10 Smart Uses for Your Tax Refund

If you have a refund check coming your way, consider using it to bolster your personal balance sheet.  The average refund has been around $3,000 for the past two years (most people receive their refund within three weeks of filing their returns).  That’s a nice chunk of change.  Here are ten good things you could do with the money.

If your refund was substantial, consider giving yourself an immediate raise by adjusting your tax withholding to increase your take-home pay.

Pay Off Credit-Card Debt

Using your refund to pay off a balance with an 18% interest rate is like earning 18% on your investments — an incredibly valuable use of the money.  And if you pay off your balances, you can afford to close some cards that are now charging high fees.

Rebuild Your Emergency Fund

Many people had to raid their emergency fund over the past year and had little extra money to restore it.  You could use your refund to start rebuilding that fund, which can help you avoid landing in credit-card debt if you have an emergency.  Keep the money easily accessible in a money-market account or savings account that earns interest.

Boost Retirement Savings

You can contribute up to $5,000 to an IRA for 2012 (or $6,000 if age 50 or older).  If your modified adjusted gross income is $125,000 or less if you’re single, or $183,000 or less if you’re married filing jointly, then you can contribute to a Roth IRA, which lets you withdraw the money tax-free in retirement.  If you earn too much for a Roth, you can contribute to a nondeductible traditional IRA, then convert it to a Roth.

Fund a Taxable Account

Use the extra cash to buy shares in a mutual fund or stock you’ve been considering — but may feel is too risky for your IRA or not available in your 401(k) plan.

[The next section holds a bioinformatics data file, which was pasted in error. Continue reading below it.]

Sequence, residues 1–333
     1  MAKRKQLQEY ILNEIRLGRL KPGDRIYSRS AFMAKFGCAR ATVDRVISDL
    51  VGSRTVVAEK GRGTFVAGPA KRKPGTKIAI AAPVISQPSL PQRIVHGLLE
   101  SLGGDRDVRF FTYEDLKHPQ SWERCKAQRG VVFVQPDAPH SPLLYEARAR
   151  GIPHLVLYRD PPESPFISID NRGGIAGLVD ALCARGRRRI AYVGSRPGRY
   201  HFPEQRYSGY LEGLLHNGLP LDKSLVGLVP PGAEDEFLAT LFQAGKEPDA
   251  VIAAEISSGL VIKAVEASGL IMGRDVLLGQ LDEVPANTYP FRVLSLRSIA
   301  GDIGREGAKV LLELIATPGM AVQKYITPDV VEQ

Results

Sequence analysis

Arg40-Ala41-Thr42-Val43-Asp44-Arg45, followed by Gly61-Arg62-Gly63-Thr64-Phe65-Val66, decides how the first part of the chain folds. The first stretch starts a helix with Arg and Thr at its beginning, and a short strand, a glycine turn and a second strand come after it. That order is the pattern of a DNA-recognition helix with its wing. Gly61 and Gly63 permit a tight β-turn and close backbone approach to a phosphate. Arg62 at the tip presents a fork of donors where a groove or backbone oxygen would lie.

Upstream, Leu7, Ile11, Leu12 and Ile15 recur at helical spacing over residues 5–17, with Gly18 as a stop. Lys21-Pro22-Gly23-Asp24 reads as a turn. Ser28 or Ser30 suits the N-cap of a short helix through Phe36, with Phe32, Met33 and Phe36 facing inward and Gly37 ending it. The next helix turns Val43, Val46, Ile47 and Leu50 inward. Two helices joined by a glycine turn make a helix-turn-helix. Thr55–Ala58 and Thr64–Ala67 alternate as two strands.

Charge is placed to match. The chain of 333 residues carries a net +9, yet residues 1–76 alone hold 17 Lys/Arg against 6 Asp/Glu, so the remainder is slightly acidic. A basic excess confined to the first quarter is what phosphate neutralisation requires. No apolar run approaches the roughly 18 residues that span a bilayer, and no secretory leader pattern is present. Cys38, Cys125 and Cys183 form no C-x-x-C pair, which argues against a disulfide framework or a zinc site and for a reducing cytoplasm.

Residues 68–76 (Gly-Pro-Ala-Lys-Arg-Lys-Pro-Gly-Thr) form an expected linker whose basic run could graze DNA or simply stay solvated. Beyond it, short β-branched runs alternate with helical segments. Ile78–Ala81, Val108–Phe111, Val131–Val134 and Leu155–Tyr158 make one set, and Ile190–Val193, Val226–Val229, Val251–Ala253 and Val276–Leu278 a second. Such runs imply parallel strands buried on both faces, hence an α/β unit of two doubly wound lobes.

Fill Gaps in Your Insurance

For less than $1,000, you can get coverage for flooding and liability.

Flood Insurance Policy.  If you live in a low- to medium-risk area, it costs about $350 to $600 per year from the National Flood Insurance Program with the maximum $250,000 in dwelling coverage and $100,000 for possessions.  Get a price quote at www.floodsmart.gov.

Liability Insurance.  Cover your legal expenses if someone is hurt in your home or by your car.  It generally costs just $200 to $400 to buy a personal umbrella policy that provides $1 million in coverage over the limits of your auto- and homeowners-insurance policies.

Build Your College Savings

It’s always hard to juggle saving for college and retirement.  Here’s an opportunity to use your extra money to contribute to a 529 account.  You’ll be able to use the money tax-free for college bills, and you could get a state income-tax deduction for your contribution.

Help Your Kid Save

You can use the extra money to contribute to a Roth IRA for your child.  Your kid is eligible as long as he or she has earned income — from mowing yards or babysitting, for example.  Your child can contribute up to $5,000 or the amount of his or her earned income for the year, whichever is lower, and you can give him the cash to do it.

Prepay Your Vacation

Set aside some money for vacation rather than using your credit card and paying interest long after you have returned.  Stash your refund in a separate account, then add money automatically every week.  You could also set up the account for other expenses — such as a new car or holiday gifts.

Invest in Your Home

Your refund won’t be enough to redo your kitchen or bathroom, but it can pay for some smaller home improvements.  Use the extra cash to add a backsplash, paint a room or cabinets, replace your bathroom sink, swap out your faucets, organize a closet, install a programmable thermostat or spruce up your yard.

Give to Others

If you have your financial bases covered, consider using your refund to make a charitable contribution to help others in need.  You’ll feel good — and you’ll be rewarded for your good deed when you file your tax return in 2013 (charitable contributions are deductible if you itemize).

 

By: www.kiplinger.com

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